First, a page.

A vote to ban interracial couples from a small church in the eastern portion of the state has touched off some hand-wringing and lots of embarrassment.
Nine members of Gulnare Freewill Baptist Church decided to back their former pastor, with six opposed, in Sunday’s vote to ban interracial couples from church membership and worship activities. Funerals were excluded. How kind.
The vote was taken after most of the people who attended Sunday services had left the church in Pike County, near the border with West Virginia. Many members left specifically to avoid the vote.
Most members of the church “didn’t want anything to do with this,” said longtime church official Dean Harville, whose daughter and her black fiancee had drawn the ire of pastor Melvin Thompson.
“It sure ain’t Christian,” Harville said. “It ain’t nothing but the old devil working.”
At Mass earlier this year, Stella Harville, 24, who is working on her master’s degree in optical engineering, sang “I Surrender All” with her fiancee, Ticha Chikuni, 29, a native of Zimbabwe. Chikuni, an employee at Georgetown College in Kentucky, played the piano.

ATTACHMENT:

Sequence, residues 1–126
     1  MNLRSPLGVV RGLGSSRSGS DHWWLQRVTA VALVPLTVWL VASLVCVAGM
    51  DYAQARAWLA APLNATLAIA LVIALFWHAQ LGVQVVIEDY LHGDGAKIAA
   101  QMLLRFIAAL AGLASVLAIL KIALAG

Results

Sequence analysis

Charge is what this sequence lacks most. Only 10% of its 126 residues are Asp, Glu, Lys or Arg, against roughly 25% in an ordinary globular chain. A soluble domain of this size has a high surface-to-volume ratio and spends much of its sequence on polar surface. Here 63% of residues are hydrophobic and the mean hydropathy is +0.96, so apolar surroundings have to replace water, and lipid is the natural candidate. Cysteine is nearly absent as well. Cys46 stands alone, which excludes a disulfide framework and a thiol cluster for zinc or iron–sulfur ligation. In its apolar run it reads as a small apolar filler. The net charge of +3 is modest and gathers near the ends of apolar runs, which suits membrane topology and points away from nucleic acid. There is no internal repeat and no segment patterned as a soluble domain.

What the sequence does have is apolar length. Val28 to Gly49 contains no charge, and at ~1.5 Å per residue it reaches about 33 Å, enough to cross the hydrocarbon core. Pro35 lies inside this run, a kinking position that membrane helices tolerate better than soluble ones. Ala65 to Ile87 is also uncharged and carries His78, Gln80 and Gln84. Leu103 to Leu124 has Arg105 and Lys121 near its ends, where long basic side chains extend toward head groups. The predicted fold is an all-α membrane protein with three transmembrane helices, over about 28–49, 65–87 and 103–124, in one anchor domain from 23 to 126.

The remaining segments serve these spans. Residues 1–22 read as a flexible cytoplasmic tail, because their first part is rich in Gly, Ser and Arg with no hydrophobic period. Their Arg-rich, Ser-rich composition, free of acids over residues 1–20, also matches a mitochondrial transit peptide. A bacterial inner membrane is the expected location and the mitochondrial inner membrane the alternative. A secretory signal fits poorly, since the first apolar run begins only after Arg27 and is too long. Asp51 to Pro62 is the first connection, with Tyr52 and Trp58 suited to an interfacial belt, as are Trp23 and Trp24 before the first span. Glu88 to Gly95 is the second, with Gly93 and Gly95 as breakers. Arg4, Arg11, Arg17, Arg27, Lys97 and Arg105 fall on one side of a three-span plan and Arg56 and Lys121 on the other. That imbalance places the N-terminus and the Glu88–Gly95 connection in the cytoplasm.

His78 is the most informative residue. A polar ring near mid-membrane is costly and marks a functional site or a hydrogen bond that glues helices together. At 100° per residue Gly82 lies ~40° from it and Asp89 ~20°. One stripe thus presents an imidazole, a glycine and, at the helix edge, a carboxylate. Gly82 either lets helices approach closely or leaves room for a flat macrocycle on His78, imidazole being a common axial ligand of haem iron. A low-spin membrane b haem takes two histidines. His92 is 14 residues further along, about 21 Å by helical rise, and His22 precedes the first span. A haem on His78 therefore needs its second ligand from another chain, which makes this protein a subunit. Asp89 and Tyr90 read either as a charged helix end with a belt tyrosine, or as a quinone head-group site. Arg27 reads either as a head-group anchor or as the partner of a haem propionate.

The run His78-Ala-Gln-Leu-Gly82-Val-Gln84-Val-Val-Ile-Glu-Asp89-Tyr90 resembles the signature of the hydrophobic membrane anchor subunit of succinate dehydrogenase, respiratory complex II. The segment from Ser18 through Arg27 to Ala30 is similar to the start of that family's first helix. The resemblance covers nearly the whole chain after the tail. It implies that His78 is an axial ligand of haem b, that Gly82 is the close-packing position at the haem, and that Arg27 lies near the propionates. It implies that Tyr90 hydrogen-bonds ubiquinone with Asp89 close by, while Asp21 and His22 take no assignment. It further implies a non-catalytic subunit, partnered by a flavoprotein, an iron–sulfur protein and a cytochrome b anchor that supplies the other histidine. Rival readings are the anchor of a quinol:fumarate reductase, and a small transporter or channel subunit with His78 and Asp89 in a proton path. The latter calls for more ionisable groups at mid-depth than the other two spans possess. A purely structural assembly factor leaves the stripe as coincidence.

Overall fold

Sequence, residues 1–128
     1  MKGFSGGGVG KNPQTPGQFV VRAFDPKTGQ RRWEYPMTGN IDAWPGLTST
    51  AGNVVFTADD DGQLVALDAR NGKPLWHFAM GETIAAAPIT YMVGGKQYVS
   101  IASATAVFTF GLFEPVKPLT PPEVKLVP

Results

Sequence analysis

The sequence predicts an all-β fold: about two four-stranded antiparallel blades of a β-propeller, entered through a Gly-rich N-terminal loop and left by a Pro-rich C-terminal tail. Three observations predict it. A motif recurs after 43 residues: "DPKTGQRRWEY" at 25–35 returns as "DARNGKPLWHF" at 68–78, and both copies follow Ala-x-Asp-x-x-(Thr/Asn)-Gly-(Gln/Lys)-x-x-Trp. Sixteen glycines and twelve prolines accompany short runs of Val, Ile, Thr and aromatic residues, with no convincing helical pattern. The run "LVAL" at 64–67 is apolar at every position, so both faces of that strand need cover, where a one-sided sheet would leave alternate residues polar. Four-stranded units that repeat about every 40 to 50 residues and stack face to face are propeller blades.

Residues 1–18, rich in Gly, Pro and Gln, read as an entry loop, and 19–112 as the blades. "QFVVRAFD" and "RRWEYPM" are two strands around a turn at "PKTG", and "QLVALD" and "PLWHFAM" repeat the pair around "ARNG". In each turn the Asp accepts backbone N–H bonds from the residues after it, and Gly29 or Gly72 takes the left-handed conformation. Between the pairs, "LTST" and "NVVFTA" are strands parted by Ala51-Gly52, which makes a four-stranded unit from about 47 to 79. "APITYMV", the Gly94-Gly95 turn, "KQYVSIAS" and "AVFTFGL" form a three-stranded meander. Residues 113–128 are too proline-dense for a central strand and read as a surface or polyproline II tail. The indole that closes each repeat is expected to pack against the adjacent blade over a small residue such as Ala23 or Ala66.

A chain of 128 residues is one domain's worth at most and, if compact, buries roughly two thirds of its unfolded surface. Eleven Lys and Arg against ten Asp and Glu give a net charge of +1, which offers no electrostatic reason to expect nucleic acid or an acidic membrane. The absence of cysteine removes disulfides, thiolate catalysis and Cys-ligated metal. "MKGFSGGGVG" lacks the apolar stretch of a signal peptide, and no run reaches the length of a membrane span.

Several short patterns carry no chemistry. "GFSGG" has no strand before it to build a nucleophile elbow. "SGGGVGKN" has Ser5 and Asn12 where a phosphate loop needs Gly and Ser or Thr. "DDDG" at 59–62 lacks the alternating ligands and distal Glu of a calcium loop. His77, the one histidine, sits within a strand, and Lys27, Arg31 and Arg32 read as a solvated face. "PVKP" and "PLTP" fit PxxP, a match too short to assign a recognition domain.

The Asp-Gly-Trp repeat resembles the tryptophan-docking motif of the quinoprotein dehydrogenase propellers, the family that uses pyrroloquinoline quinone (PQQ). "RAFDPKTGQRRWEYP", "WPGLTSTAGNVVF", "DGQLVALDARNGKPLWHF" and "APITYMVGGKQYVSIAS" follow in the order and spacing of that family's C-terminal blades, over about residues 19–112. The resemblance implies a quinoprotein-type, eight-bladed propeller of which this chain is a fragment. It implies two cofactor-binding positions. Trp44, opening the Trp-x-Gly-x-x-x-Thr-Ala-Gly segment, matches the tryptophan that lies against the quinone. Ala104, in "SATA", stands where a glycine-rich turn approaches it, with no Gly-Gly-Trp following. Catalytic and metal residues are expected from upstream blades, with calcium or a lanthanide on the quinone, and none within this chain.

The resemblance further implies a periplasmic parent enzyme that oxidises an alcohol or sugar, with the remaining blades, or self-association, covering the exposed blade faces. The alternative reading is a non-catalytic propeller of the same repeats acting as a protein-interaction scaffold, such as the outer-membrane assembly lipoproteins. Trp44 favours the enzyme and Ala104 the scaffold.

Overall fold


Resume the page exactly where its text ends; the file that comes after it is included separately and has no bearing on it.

“There didn’t appear to be any problem,” Dean Harville said. “None whatsoever.”
Harville said the pastor then told him the two would not be permitted to sing at the church again. Thompson resigned in August but wouldn’t let the issue go.
Thompson told a local radio station, “I do not believe in interracial marriages, and I do not believe this (ban) will give our church a black eye at all.”
The move has drawn criticism from far and wide.
“This kind of thing brands all of us so easily,” said Randy Johnson, president of the Pike County Ministerial Association. “That’s not who we are. From all the churches I’ve talked to so far, it’s really not anger so much as it is shock.”
“It’s not the spirit of the community in any way, shape or form,” Johnson said.
It should be noted that Pike County is 98 percent white and home to the infamous Hatfield-McCoy feud.
The Harville family doesn’t see Gulnare’s new policy promoting anything resembling unity or peace. “They’re the people who are supposed to comfort me in times like these,” Stella Harville said.